TransUnion RentReporters

You can also get TransUnion involved directly in rent reporting through their RentReporters service. Like Rental Kharma, they verify your rent payments with your landlord and then include the history on your TransUnion credit report.

Their website advertises that “The average credit score can increase 35 to 50 points in 15 days” as a result of adding your rent history to your credit report.

RentReporters has a one-time enrollment fee of $45.95. That fee includes both the landlord verification process and reporting up to two years of previous rental payments. To continue reporting future payments, there is a monthly subscription fee of $9.95.

If you have had different landlords in the past two years, RentReporters can verify your rent payment history for an additional fee of $50 for each landlord.

So that’s how to report rent payments to credit bureaus. All you need is a few extra dollars and a willing landlord, and you can have your rent payment history added to your credit report. If that history has been a good one, you could see an almost immediate increase in your credit score.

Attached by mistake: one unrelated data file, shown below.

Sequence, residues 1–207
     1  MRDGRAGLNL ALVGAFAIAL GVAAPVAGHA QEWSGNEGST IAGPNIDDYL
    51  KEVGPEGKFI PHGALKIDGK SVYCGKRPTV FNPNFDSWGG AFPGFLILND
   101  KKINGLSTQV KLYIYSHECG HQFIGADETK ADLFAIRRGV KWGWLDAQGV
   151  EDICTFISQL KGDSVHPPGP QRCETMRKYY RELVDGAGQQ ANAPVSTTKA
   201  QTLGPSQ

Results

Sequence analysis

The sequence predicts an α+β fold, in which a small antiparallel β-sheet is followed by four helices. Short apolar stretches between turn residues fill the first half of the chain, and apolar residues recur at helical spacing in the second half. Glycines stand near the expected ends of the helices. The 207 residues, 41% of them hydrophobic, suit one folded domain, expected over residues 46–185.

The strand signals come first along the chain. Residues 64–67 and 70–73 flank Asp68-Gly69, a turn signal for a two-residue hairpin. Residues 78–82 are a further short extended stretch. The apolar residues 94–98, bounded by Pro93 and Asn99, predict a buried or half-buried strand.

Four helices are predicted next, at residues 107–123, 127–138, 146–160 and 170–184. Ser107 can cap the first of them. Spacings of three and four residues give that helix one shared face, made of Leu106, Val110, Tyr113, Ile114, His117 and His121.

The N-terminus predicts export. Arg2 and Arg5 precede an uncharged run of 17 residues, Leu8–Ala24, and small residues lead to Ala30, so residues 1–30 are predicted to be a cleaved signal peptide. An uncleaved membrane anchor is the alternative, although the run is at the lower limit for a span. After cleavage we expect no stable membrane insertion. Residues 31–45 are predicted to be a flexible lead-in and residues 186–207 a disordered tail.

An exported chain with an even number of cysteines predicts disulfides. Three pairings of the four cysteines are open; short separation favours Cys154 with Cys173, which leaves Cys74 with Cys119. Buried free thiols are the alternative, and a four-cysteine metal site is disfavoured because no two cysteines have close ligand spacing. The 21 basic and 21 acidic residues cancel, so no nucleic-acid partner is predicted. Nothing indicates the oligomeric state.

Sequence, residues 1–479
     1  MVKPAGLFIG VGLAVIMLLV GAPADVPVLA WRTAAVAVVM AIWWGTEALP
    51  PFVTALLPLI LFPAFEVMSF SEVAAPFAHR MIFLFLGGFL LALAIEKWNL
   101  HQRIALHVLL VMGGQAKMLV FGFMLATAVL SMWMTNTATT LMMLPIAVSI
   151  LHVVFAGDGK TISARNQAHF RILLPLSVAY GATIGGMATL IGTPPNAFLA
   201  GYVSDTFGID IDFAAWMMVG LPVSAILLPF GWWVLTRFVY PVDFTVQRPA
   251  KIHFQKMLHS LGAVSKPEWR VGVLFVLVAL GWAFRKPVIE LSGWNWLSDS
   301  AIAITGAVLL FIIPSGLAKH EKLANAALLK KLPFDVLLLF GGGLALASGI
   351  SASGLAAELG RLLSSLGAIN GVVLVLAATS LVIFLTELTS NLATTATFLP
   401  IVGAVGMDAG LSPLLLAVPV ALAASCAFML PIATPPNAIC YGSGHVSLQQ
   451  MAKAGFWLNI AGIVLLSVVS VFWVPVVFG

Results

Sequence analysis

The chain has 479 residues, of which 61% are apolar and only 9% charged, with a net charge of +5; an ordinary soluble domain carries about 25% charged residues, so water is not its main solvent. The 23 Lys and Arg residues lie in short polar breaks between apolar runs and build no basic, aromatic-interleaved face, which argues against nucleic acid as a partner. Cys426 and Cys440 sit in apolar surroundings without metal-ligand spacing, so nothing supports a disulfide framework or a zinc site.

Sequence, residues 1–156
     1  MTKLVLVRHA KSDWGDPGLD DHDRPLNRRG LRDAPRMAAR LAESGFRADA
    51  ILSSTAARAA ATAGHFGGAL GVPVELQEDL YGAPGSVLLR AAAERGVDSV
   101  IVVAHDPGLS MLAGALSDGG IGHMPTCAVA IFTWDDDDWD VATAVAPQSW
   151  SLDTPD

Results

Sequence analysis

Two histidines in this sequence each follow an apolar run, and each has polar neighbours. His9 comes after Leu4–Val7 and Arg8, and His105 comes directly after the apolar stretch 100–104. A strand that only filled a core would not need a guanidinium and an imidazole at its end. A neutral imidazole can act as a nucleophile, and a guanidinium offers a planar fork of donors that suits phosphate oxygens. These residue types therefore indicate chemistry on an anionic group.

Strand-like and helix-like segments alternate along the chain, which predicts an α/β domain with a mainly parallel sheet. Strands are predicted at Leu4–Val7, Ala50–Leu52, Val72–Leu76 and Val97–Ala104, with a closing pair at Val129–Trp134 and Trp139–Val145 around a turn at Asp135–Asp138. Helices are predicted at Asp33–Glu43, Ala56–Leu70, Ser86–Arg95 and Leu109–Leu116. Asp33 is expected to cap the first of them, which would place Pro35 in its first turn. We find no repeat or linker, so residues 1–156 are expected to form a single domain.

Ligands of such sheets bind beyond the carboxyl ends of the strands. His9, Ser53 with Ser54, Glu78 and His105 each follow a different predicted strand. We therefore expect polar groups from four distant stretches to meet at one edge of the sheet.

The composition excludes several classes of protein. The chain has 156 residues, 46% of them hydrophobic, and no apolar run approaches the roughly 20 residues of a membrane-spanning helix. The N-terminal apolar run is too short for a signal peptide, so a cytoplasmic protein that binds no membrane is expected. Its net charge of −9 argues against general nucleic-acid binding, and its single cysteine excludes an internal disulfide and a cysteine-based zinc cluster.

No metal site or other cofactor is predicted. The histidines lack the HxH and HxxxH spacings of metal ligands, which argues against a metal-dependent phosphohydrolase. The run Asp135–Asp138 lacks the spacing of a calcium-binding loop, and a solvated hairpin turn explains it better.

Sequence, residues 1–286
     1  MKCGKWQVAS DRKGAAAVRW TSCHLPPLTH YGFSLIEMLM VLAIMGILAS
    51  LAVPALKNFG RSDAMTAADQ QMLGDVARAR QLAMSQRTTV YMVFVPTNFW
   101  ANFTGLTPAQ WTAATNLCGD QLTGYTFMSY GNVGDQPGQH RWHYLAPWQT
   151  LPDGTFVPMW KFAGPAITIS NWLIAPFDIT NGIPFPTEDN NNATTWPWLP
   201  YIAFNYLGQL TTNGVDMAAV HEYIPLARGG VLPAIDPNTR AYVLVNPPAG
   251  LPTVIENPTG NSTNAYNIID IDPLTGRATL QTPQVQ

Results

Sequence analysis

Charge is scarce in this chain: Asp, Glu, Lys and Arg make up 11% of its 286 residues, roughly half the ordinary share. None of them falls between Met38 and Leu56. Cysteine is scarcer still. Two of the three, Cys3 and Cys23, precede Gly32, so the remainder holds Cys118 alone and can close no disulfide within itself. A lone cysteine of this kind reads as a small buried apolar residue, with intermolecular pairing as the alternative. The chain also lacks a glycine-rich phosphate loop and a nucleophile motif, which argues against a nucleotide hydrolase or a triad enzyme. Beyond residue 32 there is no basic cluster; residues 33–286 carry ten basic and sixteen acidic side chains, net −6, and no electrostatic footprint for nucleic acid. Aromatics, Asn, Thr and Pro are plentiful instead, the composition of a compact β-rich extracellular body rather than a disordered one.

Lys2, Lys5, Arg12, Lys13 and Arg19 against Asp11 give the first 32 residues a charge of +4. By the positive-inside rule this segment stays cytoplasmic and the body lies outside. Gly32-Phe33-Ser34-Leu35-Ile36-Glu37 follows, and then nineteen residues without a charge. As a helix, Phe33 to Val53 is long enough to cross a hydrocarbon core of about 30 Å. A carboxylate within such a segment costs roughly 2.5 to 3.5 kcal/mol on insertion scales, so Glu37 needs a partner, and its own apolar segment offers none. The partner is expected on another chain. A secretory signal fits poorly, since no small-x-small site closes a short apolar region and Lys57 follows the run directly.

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Trading in your car at the dealer is guaranteed to lose you money. Yet many opt for this route because it’s easy. The better approach, however, is to sell your car yourself. You’ll get more money, and it’s easier than many think. Here’s how to sell your car fast and for top dollar.

Sell Your Car

In this guide, we’ll walk through the benefits of selling your car on your own. Then we’ll give you some practical tips on how to do it.

Why You Should Always Try to Sell Your Car Yourself First

Trading your car into a dealer when you purchase a new vehicle is quick and easy. That’s why so many people opt for this approaching to disposing of their car. Unfortunately, the dealer won’t give you the best price.